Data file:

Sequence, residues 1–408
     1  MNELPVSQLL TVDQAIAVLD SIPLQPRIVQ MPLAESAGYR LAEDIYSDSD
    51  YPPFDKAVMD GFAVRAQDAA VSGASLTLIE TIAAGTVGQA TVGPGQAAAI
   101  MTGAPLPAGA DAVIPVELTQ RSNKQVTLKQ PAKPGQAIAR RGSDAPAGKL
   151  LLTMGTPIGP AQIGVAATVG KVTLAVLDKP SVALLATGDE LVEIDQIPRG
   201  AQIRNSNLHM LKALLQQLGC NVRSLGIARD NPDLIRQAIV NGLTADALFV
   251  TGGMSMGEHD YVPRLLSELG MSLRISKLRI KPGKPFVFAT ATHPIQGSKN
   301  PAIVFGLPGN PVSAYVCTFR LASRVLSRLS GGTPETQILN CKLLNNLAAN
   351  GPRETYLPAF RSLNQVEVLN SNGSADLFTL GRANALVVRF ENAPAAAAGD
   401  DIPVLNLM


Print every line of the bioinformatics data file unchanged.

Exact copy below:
Sequence, residues 1–408
     1  MNELPVSQLL TVDQAIAVLD SIPLQPRIVQ MPLAESAGYR LAEDIYSDSD
    51  YPPFDKAVMD GFAVRAQDAA VSGASLTLIE TIAAGTVGQA TVGPGQAAAI
   101  MTGAPLPAGA DAVIPVELTQ RSNKQVTLKQ PAKPGQAIAR RGSDAPAGKL
   151  LLTMGTPIGP AQIGVAATVG KVTLAVLDKP SVALLATGDE LVEIDQIPRG
   201  AQIRNSNLHM LKALLQQLGC NVRSLGIARD NPDLIRQAIV NGLTADALFV
   251  TGGMSMGEHD YVPRLLSELG MSLRISKLRI KPGKPFVFAT ATHPIQGSKN
   301  PAIVFGLPGN PVSAYVCTFR LASRVLSRLS GGTPETQILN CKLLNNLAAN
   351  GPRETYLPAF RSLNQVEVLN SNGSADLFTL GRANALVVRF ENAPAAAAGD
   401  DIPVLNLM